“There’s definitely a dark irony to the whole thing,” Lipman-Stern told The Daily Beast. “You have all these people working with you there in the prison pipeline, who are now literally in the pocket of the police. These groups are holding back positive police reform around the country and they’re using ex-cons to raise money, and with the threat that if they don’t go along with it then they’ll say they’ve violated their probation.”
“These guys are just fucking crazy”
In return, the offices allow lawlessness. The documentary shows what at times seems like pure chaos in the call center—prostitution in the bathroom, shooting heroin and writing graffiti on breaks.
“You can do whatever you want as long as you’re making the sales,” Lipman-Stern said. “A lot of these guys are just fucking crazy. You can’t make them up. There are all these characters on the sales floor, but they go all the way up.”
He pointed to the Houston Metro Fraternal Order of Police Lodge 98, whose president at one time had his own telemarketing company. “And we learned that they were literally cooking meth in the office,” Lipman-Stern said.
But when he and Pespas grew wise to the scam, they made it their life mission to take down these networks, starting from the inside, and documented that difficult and at times dangerous effort for more than a decade.
The project eventually took them to Washington, D.C., where they met with officials at agencies like the Federal Trade Commission and the Federal Election Commission, as well as members of Congress. But they quickly found willpower to tackle the fraudsters was lacking in the halls of power.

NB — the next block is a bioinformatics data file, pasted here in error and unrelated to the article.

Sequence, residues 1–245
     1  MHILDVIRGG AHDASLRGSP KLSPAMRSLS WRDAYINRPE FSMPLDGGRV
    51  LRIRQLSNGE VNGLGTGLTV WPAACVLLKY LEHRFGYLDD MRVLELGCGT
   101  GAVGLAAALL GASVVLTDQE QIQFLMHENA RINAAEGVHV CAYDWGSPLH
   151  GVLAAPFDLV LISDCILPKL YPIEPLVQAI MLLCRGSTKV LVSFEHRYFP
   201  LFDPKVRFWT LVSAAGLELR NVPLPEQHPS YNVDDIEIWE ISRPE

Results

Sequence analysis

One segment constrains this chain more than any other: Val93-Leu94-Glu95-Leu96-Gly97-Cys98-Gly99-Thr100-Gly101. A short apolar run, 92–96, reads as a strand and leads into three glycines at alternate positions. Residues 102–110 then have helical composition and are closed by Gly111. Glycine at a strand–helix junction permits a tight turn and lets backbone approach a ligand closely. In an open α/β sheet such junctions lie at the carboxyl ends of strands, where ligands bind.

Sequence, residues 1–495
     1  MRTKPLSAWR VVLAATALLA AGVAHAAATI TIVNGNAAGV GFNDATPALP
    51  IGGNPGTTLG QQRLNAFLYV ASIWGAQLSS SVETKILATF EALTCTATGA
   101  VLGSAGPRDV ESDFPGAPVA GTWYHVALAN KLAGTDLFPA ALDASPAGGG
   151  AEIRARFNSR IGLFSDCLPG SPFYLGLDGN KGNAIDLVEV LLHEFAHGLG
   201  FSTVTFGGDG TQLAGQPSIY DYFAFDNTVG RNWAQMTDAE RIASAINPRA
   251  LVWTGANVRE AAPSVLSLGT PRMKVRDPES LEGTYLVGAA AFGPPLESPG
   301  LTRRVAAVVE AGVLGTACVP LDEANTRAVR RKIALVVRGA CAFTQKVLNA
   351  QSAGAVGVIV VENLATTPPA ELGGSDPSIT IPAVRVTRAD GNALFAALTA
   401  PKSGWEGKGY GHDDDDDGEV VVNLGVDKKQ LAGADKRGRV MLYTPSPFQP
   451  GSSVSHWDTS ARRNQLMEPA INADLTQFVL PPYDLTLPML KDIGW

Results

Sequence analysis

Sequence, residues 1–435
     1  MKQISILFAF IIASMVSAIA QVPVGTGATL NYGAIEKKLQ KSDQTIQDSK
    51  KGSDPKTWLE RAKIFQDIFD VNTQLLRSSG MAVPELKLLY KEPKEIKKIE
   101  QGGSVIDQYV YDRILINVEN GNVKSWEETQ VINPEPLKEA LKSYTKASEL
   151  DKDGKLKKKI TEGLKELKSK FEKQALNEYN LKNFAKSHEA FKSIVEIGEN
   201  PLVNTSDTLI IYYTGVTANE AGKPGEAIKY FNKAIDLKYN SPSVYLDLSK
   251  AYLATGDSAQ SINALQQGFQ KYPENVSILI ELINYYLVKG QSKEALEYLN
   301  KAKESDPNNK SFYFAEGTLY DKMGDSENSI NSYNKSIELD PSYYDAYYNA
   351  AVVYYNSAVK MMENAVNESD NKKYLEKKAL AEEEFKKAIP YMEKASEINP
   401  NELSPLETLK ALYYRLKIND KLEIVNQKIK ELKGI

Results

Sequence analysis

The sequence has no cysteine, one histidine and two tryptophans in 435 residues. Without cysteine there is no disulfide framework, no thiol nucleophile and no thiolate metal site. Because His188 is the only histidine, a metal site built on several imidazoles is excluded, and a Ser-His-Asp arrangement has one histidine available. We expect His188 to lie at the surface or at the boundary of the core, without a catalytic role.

In one poignant moment, they ask David Vladeck, former director of the Bureau of Consumer Protection at the Federal Trade Commission, why only the minor players seemed to pay the price, and why no investigators had taken down the larger organizations behind the scams.
“And even David Vladeck told us that they were scared, too—‘No one wants to be on the wrong side of the fraternal order of the police,’” Lipman-Stern recalled.
The documentary traces how the fundraising scams evolved over time, responding to different crackdowns by finding the next loopholes, with new schemes, often run by the same network of people.
“It’s been going on essentially since the invention of the telephone,” Lipman-Stern said. “You can see articles from the New York Times in, like, the early 1900s about people calling to raise money for fake charities and the police.”
The latest iteration, since around 2017 or so, is the PAC era, as scammers opened up fake political groups outside the jurisdiction of the Internal Revenue Service, and where the fundraising operations themselves are largely beyond the regulatory scope of the FEC.
“It became really apparent that that was the new loophole. They have to disclose less information, they can keep more of the money, and they don’t have to tell donors what the percentages are,” Lipman-Stern explained.
PACs also offer another protection: Political speech enjoys almost blanket protection under federal law.
With all these barriers to enforcement—regulatory loopholes, technological developments, sclerotic institutions, and flat-out intimidation—it’s worth noting that a permanent solution would actually appear to be a relatively simple stroke of the legislative pen. Even more confoundingly, the issue has bipartisan support.
In 2020, Rep. Katie Porter (D-CA) teamed up with Rep. Dan Crenshaw (R-TX) to do just that. They introduced the “Stop Scam PACs Act,” which provides a quick fix by striking one word.
But that bill, for whatever reason, still hasn’t gotten traction. Lipman-Stern holds out hope that his documentary, along with the recent indictments, will inspire lawmakers to finally make a change.
“Right now, I’m seeing that the International Union of Police Associations and the PACs are still calling,” he said, referencing data on a robocall website. “They’re doing it right now, literally as we’re speaking.”
Read the full story here.